After a long winter, especially this one, it just feels right to air out your car. The weather warms up, you roll down your windows, people can hear you singing from your driver’s seat again, and you’re done, right?
Until you start to sneeze. Or until sticky yellow pine pollen coats every surface of your car, inside and out. Whichever comes first.
Now is a good time to be thinking about fresh air for your car.
In terms of cabin air and those little air-freshener things, let’s just get it over with. In my world, that’s like putting lipstick on a pig.
You need to change your cabin air filter. How long has it been since you did that? Because I drive on dirt roads quite a bit, I change mine twice a year — those of you who manage to stay on paved roads, and also avoid city traffic, can do it less often. You’ll know you need to do it if your heat was starting to seem low flow or noisy or both. You can always check your car’s manual for what the manufacturer says, but I think once a year just before air-conditioning season is definitely a good idea.
A clean cabin air filter is going to cut down on pollutants and pollen in the car. But maybe more important at this time of year is that it is going to increase air flow, which will make your air conditioning system work better.
It’s not expensive to do — depending on your car, the part itself might run somewhere between $20 and $60. It’s not a hard do-it-yourself job, or it shouldn’t be, but actually it can be tricky to get at, depending on how it’s situated in relation to your glove compartment.
While we’re on this list of things to take care of right now, I have one word for you (or is it two?): air-conditioning.
Your life is just going to be happier if you get yours serviced now. For one thing, during the summer, my garage and every other one out here is as busy as a bar handling visitors’ various emergencies. And why wait until the system fails you on a sweltering day?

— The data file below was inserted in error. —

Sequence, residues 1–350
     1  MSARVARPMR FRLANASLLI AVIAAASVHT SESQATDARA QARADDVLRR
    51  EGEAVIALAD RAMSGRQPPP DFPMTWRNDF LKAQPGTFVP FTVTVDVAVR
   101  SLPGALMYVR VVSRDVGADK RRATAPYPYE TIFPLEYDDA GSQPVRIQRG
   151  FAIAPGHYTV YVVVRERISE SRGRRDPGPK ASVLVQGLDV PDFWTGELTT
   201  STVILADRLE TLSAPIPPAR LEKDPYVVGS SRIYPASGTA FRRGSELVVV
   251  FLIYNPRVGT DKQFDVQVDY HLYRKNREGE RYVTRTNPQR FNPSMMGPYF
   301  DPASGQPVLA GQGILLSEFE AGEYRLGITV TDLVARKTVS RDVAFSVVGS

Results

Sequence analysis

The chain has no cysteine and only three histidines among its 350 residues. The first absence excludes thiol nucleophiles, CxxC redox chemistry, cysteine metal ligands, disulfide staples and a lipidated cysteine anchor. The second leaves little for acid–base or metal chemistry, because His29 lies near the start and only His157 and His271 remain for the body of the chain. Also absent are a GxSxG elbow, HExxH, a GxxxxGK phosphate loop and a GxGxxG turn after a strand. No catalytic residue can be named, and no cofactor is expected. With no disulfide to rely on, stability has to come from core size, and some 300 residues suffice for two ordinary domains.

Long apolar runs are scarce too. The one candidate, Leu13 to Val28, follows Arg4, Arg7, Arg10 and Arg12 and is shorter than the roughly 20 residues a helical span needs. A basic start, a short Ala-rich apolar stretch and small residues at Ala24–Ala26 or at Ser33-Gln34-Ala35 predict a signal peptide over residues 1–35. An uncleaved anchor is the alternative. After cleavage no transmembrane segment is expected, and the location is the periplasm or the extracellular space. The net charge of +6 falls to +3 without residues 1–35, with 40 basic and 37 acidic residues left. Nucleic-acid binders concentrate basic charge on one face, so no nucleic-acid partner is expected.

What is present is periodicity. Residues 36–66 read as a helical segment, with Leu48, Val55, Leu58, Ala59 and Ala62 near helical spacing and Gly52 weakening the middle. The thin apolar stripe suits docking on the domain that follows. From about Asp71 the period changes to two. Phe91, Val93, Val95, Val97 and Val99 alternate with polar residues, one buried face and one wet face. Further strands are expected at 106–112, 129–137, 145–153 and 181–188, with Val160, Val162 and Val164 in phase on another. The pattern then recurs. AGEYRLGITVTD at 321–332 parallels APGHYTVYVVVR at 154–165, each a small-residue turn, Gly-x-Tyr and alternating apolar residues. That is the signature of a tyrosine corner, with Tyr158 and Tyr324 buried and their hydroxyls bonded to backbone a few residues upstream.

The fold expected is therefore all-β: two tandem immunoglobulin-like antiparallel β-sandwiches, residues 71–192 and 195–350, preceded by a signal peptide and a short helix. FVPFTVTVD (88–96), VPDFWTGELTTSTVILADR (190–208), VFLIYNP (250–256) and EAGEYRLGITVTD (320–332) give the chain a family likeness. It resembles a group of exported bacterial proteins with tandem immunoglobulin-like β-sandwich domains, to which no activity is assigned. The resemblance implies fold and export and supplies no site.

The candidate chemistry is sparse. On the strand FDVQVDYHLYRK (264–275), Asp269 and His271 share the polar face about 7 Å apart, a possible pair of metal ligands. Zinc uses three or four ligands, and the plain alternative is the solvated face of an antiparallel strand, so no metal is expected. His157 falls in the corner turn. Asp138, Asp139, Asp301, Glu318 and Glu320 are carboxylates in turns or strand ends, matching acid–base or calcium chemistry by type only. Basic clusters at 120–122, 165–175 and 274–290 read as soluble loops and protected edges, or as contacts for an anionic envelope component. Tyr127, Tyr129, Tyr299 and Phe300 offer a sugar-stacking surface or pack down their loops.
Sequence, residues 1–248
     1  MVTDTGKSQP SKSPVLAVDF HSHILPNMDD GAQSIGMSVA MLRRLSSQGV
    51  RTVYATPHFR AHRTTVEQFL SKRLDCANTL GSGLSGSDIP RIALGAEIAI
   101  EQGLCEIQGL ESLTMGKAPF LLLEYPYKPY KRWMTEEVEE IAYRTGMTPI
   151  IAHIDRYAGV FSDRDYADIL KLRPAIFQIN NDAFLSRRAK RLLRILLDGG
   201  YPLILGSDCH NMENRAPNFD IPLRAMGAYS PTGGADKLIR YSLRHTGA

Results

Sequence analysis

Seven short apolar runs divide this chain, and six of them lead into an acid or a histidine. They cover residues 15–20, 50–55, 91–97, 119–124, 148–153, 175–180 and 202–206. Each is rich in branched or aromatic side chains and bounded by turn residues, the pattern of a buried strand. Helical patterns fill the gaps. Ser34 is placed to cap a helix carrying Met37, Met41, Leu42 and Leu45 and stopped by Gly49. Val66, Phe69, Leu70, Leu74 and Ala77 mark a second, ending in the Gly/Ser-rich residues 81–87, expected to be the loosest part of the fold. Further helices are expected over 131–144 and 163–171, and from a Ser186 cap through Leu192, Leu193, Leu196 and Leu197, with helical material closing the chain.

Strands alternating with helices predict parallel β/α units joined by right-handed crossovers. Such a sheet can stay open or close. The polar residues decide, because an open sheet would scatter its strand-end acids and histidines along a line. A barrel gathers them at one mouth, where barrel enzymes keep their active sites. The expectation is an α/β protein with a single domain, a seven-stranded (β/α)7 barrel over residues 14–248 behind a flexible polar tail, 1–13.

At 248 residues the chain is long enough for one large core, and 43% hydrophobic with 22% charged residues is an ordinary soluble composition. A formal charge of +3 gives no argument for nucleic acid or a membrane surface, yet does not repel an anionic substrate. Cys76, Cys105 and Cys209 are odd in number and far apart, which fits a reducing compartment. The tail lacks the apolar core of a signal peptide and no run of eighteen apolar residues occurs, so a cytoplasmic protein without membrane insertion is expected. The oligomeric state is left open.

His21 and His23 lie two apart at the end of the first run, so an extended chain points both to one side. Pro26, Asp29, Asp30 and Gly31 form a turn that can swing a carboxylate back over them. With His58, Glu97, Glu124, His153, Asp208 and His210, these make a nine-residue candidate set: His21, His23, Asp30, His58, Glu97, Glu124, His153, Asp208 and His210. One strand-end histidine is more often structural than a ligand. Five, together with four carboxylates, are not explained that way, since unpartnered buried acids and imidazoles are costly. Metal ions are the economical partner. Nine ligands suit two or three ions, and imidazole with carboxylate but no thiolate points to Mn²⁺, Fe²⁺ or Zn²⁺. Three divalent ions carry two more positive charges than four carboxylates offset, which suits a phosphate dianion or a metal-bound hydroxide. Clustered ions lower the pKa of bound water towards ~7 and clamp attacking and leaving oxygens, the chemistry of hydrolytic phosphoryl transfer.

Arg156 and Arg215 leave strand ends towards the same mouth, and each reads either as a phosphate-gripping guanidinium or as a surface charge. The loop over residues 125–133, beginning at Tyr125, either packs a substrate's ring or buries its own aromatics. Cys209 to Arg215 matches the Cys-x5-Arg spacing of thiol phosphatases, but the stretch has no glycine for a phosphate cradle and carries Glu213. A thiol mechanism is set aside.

People have been asking me about the latest alternatives to Freon. What everybody knows is that the old stuff R-12 is a chlorofluorocarbon famous for destroying the Earth’s protective ozone layer. Things have improved up there some since it was banned in 1994. But what’s not so well known is that the substitute refrigerants have flaws, too.
The generation that followed R-12, R-1234A, is now being phased out for R-1234yf. It breaks down faster in the atmosphere, so that’s good, but it’s also highly flammable. And it’s requiring a major retooling at shops for both charging and removing the stuff properly. It’s expensive — around $120 per pound. It will take at least a pound, two for some cars, to get you set for the season.
What can I say? When it comes to the chemicals of the automobile age, we’re not there yet. But keeping your car in excellent condition will make it run cleaner.
Which brings me to one other air-related task you need to take care of about once a year.
Your engine has an air filter, too. It’s nothing fancy — though in classic cars their housings were great looking. And they’re easy to replace. Still, don’t let someone tell you it ought to be changed each time you do an oil change — although that’s a good time to give the filter a visual once-over. You probably need to change it about every 15,000 miles.
This filter keeps dust, dirt, and gunk out and allows air to flow into the engine. You need that for efficient combustion — it affects acceleration and performance, and, ultimately, that relates to fuel economy.